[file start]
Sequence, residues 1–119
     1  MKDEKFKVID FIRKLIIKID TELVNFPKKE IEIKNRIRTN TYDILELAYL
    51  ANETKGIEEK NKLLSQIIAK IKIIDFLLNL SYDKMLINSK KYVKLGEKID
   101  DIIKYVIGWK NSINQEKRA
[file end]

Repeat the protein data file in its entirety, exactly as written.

Sequence, residues 1–119
     1  MKDEKFKVID FIRKLIIKID TELVNFPKKE IEIKNRIRTN TYDILELAYL
    51  ANETKGIEEK NKLLSQIIAK IKIIDFLLNL SYDKMLINSK KYVKLGEKID
   101  DIIKYVIGWK NSINQEKRA